Men Exposed to Formaldehyde Have Increased Risk Of Amyotrophic Lateral Sclerosis Mortality

Men Exposed to Formaldehyde Have Increased Risk Of Amyotrophic Lateral Sclerosis Mortality

In a recent study published in Neurology, Neurosurgery & Psychiatry, a team of researchers found that men working as funeral directors may be at an increased risk for amyotrophic lateral sclerosis. According to the authors this might be related to the high probability of exposure to formaldehyde.

In the study titled “Job-related formaldehyde exposure and ALS mortality in the USA”, the team of researchers retrieved data from the National Longitudinal Mortality Study of 674,694 women and 794,541 men, to assess the association between formaldehyde exposure and amyotrophic lateral sclerosis (ALS) mortality.

The researchers then examined study participants’ occupations and categorized them into probability and intensity of formaldehyde exposure: none, low, medium or high. Results revealed that participants exposed versus unexposed to formaldehyde were slightly poorer, less educated, and less frequently non-Hispanic White. The results also showed that a high probability of formaldehyde exposure versus no exposure predicted an almost three times higher rate of ALS mortality in men. Among women, few had high-exposure-probability jobs and there were no ALS deaths in this category.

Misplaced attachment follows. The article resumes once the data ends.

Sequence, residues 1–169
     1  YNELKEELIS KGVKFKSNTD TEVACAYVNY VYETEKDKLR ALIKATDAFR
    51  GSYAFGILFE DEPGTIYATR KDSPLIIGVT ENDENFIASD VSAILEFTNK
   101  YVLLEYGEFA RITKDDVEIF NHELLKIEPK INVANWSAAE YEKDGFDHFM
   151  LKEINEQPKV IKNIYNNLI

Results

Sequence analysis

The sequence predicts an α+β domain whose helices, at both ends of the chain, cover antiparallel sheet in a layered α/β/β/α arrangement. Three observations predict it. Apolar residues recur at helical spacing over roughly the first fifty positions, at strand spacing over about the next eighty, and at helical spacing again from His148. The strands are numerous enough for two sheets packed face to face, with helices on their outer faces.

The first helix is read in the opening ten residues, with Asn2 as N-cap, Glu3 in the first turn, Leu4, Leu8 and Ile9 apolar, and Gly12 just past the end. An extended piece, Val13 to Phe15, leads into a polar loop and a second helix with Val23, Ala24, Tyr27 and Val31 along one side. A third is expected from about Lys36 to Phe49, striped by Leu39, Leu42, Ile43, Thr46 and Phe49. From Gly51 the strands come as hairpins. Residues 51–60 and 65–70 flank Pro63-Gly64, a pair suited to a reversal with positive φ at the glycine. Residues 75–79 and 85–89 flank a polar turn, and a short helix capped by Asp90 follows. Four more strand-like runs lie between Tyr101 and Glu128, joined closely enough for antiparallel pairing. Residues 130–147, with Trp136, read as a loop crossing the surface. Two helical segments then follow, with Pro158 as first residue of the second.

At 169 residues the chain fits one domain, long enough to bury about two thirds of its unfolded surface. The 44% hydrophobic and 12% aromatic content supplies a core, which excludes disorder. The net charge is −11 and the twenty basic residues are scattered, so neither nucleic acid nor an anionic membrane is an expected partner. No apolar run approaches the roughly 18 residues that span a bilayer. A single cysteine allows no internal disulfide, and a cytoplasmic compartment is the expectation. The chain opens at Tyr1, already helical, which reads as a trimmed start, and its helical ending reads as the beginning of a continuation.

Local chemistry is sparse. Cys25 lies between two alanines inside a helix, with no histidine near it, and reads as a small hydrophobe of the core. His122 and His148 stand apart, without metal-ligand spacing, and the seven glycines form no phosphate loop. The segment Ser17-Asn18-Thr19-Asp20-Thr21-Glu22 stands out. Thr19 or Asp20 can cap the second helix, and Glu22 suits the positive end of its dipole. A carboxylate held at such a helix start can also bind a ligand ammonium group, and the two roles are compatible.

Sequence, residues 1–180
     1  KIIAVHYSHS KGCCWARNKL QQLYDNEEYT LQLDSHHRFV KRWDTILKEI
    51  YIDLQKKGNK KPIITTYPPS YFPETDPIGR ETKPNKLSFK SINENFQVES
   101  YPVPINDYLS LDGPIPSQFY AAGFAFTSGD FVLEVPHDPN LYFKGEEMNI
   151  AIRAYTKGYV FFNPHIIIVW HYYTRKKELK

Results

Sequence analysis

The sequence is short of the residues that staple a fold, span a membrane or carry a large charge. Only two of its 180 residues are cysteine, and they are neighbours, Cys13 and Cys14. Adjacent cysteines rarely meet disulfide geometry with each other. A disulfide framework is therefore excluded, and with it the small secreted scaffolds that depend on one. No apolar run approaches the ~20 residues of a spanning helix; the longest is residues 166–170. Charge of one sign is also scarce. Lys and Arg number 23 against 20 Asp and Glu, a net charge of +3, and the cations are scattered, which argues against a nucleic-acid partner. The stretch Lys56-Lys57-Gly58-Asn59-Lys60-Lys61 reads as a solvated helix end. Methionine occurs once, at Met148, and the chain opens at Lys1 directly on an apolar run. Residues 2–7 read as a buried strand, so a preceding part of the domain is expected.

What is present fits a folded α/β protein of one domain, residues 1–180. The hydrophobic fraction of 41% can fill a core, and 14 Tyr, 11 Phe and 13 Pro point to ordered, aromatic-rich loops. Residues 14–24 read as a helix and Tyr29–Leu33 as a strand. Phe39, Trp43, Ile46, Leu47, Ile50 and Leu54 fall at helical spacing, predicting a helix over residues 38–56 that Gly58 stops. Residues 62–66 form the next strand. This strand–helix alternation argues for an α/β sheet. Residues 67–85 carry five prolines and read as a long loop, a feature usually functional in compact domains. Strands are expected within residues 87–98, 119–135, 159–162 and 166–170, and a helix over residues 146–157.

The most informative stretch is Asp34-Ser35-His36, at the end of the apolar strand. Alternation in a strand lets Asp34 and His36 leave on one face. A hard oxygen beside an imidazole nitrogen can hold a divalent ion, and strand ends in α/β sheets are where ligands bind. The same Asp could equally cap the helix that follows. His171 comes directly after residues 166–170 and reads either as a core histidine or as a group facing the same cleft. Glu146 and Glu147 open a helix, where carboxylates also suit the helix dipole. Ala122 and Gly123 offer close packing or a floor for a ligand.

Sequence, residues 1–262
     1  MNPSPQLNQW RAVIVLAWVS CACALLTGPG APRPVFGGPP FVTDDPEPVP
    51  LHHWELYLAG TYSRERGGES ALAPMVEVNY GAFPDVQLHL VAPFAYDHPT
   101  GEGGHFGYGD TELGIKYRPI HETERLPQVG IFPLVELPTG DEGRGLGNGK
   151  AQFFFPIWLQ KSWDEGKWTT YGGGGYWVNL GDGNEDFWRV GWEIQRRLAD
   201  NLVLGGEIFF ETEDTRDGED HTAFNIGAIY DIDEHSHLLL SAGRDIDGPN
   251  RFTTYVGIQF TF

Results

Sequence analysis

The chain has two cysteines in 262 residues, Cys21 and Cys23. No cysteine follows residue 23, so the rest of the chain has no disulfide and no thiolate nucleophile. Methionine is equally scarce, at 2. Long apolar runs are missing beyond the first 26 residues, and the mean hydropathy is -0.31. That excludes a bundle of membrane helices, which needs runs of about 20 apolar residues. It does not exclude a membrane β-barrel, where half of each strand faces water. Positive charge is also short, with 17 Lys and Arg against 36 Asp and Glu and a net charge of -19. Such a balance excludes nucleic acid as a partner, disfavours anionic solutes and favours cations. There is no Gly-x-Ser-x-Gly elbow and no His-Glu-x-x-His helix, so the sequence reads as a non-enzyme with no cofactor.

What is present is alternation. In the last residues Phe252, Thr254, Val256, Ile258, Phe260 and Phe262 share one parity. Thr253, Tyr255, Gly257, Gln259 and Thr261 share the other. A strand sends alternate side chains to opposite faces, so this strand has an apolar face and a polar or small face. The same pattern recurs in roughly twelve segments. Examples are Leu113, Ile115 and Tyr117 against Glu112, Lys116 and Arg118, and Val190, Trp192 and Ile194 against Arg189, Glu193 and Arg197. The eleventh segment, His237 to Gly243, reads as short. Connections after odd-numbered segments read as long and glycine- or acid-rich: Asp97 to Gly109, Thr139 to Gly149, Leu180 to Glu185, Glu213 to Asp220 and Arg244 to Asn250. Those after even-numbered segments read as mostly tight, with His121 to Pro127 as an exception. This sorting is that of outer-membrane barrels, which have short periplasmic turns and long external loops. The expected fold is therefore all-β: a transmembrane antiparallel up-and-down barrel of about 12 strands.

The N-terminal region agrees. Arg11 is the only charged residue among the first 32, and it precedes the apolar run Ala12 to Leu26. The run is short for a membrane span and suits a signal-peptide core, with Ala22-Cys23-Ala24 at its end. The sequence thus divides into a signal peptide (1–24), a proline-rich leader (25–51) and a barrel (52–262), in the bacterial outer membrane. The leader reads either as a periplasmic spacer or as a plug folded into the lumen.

Intensity of formaldehyde exposure was less strongly associated with ALS. High-probability, high-intensity exposure was associated to men with an increased rate of ALS mortality, although there were only two ALS deaths among these highly exposed men. All men with high-probability, high-intensity exposure were funeral directors.

According to the researchers, these results should be interpreted cautiously, because jobs involving both high probability and high intensity of formaldehyde exposure are relatively uncommon in the USA, and ALS is also rare; there were only two ALS deaths among men in such jobs.

“In addition to formaldehyde, funeral directors are exposed to other chemicals used in embalming, as well as to viral, bacterial and prion pathogens. Thus, further study of the association of ALS with high levels of formaldehyde exposure and among funeral directors is warranted,” the authors concluded.

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